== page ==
Effect of NOM on copper sulfide nanoparticle growth, stability, and oxidative dissolution†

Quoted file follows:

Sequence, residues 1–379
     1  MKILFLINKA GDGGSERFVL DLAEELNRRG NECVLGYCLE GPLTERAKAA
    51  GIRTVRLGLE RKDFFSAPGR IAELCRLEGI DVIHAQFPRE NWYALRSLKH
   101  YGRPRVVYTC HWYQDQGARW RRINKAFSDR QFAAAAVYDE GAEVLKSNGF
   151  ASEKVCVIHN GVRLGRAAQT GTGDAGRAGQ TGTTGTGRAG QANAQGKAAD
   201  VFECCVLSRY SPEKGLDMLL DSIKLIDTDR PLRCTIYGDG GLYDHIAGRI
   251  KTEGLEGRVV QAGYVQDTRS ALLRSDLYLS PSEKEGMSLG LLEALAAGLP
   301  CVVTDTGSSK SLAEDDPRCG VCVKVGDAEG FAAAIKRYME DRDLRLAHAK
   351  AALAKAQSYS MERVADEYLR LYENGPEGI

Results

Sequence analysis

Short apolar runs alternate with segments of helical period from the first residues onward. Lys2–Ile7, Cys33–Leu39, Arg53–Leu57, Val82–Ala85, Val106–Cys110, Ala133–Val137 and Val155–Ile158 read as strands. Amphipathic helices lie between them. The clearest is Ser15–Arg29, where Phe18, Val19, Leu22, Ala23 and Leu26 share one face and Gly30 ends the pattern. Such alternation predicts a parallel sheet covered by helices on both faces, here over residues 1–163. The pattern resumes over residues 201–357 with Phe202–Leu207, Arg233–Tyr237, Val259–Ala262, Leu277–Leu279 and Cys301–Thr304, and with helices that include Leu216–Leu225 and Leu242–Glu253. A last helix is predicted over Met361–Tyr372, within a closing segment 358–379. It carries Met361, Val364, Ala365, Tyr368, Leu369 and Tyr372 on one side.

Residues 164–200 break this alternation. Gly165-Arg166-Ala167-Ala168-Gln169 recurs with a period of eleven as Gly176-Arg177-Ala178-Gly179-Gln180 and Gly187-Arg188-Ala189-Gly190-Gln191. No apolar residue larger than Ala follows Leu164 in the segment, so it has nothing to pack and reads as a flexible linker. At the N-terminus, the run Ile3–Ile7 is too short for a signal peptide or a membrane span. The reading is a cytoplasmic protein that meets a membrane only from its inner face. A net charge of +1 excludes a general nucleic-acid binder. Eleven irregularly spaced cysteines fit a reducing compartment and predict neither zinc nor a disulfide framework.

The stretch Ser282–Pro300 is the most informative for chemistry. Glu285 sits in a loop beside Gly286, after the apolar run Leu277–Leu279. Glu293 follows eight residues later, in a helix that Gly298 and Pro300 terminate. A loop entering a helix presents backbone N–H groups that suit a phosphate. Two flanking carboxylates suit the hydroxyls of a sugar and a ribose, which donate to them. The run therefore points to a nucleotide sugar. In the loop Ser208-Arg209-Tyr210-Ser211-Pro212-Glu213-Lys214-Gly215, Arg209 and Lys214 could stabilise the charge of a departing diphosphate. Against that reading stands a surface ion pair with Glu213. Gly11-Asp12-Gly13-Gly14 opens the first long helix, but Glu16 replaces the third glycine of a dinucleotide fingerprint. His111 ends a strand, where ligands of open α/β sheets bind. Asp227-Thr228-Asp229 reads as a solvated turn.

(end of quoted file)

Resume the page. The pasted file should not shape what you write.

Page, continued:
Metal sulfide nanoparticles have recently been discovered in natural environments subject to fluctuating redox conditions such as wetlands and river floodplains, which are often very rich in natural organic matter (NOM). Strong binding of chalcophile metals like copper by NOM is expected to interfere with sulfide precipitation and is likely to affect the growth of these nanoparticles. We therefore conducted experiments on the formation of copper sulfide nanoparticles (CuxS NPs) in anoxic solutions with varying Cu (50, 500 μmol L−1) and sulfide (100, 1000 μmol L−1) concentrations in the absence and presence of Suwannee River fulvic acid (SRFA, 0, 5, 50 mg C L−1). The size development of the CuxS nanoparticles and their stability were tracked over 4 weeks using transmission electron microscopy (TEM) and size-exclusion chromatography coupled to ICP-MS (SEC-ICP-MS). Additional dissolution experiments were performed in closed containers in the absence and presence of O2 and fulvic acid over several months providing insights into the oxidative dissolution behavior of CuxS. Our results highlight the high colloidal stability of CuxS nanoparticles in anoxic environments irrespective of the NOM concentration. Median particle diameters ranged between a few and a few tens of nanometers with larger particles forming in more concentrated suspensions. At low Cu and S concentrations, fulvic acid restricted particle growth by up to 25% compared to SRFA-free suspensions and metal sulfide clusters even smaller than 1 nm were detected. The CuxS nanoparticles exhibited a remarkable chemical stability against oxidative dissolution and were only dissolved when both fulvic acid and O2 were present.